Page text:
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Elife. 2015 Jun 30;4:e08347. doi: 10.7554/eLife.08347.

The global distribution of the arbovirus vectors Aedes aegypti and Ae. albopictus.

Author information

1
Spatial Ecology and Epidemiology Group, Department of Zoology, University of Oxford, Oxford, United Kingdom.
2
Wellcome Trust Centre for Human Genetics, University of Oxford, Oxford, United Kingdom.
3
Department of Pathology, Microbiology, and Immunology, School of Veterinary Medicine, University of California, Davis, Davis, United States.
4
Department of Microbiology, Immunology and Pathology, Colorado State University, Fort Collins, United States.
5
National Dengue Control Program, Ministry of Health, Brasilia, Brazil.
6
European Centre for Disease Prevention and Control, Stockholm, Sweden.
7
Avia-GIS, Zoersel, Belgium.
8
Eijkman-Oxford Clinical Research Unit, Jakarta, Indonesia.
9
Center for Research, Diagnostics and Vaccine Development, Centers for Disease Control, Taipei, Taiwan.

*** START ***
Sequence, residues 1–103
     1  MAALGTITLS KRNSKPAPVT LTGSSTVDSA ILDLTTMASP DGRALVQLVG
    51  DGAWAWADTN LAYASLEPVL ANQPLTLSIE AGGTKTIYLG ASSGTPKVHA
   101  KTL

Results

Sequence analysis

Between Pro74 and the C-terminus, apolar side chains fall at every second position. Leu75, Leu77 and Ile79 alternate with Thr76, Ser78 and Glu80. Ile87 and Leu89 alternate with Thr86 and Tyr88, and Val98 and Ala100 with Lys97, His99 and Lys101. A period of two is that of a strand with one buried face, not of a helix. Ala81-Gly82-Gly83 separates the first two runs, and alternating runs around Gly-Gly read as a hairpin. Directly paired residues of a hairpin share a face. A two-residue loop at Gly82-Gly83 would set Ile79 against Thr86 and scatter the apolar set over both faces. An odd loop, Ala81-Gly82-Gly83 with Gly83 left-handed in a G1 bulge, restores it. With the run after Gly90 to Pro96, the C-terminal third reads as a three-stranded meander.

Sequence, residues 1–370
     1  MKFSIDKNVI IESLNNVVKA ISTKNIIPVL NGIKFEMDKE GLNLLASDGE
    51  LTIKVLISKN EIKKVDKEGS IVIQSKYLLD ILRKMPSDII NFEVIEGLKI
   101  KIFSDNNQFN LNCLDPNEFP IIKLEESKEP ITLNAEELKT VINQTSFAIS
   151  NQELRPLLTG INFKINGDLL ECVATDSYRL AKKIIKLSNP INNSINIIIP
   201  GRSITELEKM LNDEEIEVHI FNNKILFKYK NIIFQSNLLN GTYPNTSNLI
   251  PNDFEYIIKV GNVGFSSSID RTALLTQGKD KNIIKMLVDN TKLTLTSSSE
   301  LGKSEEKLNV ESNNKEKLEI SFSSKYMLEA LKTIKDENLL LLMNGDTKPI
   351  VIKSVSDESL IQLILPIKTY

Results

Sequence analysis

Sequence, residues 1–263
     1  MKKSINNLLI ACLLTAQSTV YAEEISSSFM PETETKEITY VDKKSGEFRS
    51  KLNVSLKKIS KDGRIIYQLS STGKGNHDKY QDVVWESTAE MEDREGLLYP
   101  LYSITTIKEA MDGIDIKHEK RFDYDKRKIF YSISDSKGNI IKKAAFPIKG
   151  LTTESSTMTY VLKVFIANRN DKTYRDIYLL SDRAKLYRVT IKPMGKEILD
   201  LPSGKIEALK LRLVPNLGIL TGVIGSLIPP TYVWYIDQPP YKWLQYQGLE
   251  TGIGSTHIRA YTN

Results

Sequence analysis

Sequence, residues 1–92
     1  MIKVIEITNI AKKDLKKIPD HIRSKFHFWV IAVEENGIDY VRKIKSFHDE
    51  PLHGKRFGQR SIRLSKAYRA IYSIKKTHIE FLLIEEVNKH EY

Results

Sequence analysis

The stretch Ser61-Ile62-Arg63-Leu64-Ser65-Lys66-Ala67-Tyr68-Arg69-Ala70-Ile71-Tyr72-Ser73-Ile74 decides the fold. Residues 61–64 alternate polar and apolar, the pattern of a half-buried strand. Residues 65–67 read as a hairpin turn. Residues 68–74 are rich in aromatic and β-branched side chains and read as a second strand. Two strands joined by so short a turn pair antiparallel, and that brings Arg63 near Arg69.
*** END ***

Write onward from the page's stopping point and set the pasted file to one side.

10
Fogarty International Center, National Institutes of Health, Bethesda, United States.
11
Environmental Research Group Oxford, Department of Zoology, University of Oxford, Oxford, United Kingdom.

Abstract

Dengue and chikungunya are increasing global public health concerns due to their rapid geographical spread and increasing disease burden. Knowledge of the contemporary distribution of their shared vectors, Aedes aegypti and Aedes albopictus remains incomplete and is complicated by an ongoing range expansion fuelled by increased global trade and travel. Mapping the global distribution of these vectors and the geographical determinants of their ranges is essential for public health planning. Here we compile the largest contemporary database for both species and pair it with relevant environmental variables predicting their global distribution. We show Aedes distributions to be the widest ever recorded; now extensive in all continents, including North America and Europe. These maps will help define the spatial limits of current autochthonous transmission of dengue and chikungunya viruses. It is only with this kind of rigorous entomological baseline that we can hope to project future health impacts of these viruses.

KEYWORDS:

Ae. aegypti; Ae. albopictus; Aedes; ecology; epidemiology; global health

PMID:
26126267
PMCID:
PMC4493616
DOI:
10.7554/eLife.08347
[Indexed for MEDLINE]
Free PMC Article

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